Rotherham CSE and need to provide trauma recovery

A large-scale national disaster is being unveiled by the media across the UK, following the launch of the Rotherham Abuse Inquiry report released on 26th August 2014. No one knows the true scale of child sexual exploitation (CSE) in Rotherham, but the current conservative estimate is approximately 1400 children sexually exploited over the full Inquiry period from 1997 to 2013.

What is noticeable in the media is that once again the primary focus is not on the children, or on the emotional impact to them. The focus doesn’t seem to be acknowledging that each individual who was raped, assaulted or coerced into behaviour that terrified them has faced, or now faces, years of recovery from trauma. The focus in the media is not on the need for the victims to easily access trauma therapy that can help them process the horror, shock, shame, torment and pain over the coming years. We need to fight for a child centred focus.

Trauma recovery takes time. You cannot rush a person into psychological recovery. Each child has to listen to their own voice recounting the horror that they hope to forget, and explore the shock and deep sadness of what could have been. Every person has a right to emotional support as they face interviews, questions, their own memories, flashbacks and nightmares. But where is this support? How do people find it? Who will finance it?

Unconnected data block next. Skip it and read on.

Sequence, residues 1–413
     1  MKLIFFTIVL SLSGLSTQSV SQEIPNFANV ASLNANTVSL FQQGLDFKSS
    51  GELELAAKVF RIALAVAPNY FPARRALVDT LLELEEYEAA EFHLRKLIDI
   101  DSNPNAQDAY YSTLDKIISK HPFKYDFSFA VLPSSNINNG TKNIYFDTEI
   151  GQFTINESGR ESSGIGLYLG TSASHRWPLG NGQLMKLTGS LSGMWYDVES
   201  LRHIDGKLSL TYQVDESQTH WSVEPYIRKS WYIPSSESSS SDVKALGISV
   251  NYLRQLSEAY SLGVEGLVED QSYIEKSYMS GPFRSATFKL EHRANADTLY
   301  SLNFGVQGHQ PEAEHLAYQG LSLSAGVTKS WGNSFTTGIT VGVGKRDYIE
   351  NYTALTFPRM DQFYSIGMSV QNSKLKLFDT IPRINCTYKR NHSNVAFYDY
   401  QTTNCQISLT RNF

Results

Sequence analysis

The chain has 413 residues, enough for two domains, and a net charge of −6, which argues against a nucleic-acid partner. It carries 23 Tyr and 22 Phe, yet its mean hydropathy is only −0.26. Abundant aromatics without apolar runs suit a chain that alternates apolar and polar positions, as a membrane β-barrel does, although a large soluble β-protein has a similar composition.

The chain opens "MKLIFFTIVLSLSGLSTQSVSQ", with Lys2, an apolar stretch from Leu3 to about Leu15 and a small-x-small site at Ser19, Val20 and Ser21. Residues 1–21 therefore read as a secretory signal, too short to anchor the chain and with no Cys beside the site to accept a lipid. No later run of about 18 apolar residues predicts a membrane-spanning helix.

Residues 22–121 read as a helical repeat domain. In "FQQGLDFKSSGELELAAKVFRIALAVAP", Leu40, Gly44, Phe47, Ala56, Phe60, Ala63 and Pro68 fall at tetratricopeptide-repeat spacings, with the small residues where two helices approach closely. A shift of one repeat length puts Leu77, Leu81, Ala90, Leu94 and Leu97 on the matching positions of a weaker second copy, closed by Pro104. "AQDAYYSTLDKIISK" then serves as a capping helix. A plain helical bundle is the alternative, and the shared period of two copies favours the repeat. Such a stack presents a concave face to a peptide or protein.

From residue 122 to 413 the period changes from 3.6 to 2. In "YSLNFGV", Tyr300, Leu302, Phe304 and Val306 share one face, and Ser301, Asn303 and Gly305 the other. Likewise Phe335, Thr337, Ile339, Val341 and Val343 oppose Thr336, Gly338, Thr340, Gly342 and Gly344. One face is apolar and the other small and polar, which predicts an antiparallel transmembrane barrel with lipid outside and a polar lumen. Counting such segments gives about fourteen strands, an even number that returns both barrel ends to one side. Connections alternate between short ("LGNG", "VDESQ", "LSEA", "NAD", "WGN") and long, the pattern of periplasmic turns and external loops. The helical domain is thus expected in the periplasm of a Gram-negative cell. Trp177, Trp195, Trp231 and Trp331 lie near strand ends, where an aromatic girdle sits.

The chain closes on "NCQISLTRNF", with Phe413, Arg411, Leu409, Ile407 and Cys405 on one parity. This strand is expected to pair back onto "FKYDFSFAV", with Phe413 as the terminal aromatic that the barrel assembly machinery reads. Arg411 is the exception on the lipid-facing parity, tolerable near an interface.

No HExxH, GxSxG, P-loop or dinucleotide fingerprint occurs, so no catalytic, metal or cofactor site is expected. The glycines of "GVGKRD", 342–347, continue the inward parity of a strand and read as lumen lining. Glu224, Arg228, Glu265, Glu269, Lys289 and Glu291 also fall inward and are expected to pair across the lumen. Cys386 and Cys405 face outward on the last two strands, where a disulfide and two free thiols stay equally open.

As the child and their families wrestle with the shame, shock and horror of what has been experienced, there needs to be support in place; offering a listening ear and a shoulder to lean on as they process the trauma. But most victims will not be able to find appropriate professional support or – worse – won’t be able to afford it.

‘Trauma is perhaps the most avoided, ignored, belittled, denied, misunderstood, and untreated cause of human suffering.’ (Levine and Kline 2007;3)

 Central and vital questions need to be raised about the response to this national tragedy. Who is going to finance the trauma recovery for these victims? Who is going to ensure that it becomes a priority for the police and other frontline practitioners to understand how to identify the signs of abuse and the complexities of CSE?  Who will finance the recovery from trauma for the families, teachers and friends of those who have had to listen to and support the victims?

Despite being British, we need to acknowledge that human kind is not in-built to ‘just get over it’ or ‘forget it now and move on’. Neuroscience has shown that our minds and response to trauma is complex. Unprocessed trauma can lead to a host of physical complications, depression and anxiety, difficulties with concentration, learning and working, and long term relational challenges amongst many other symptoms.

We believe that we need to communicate clearly that justice is not just the perpetrators being arrested and prosecuted; it is also the facilitation of the right to recover from the traumatic experiences.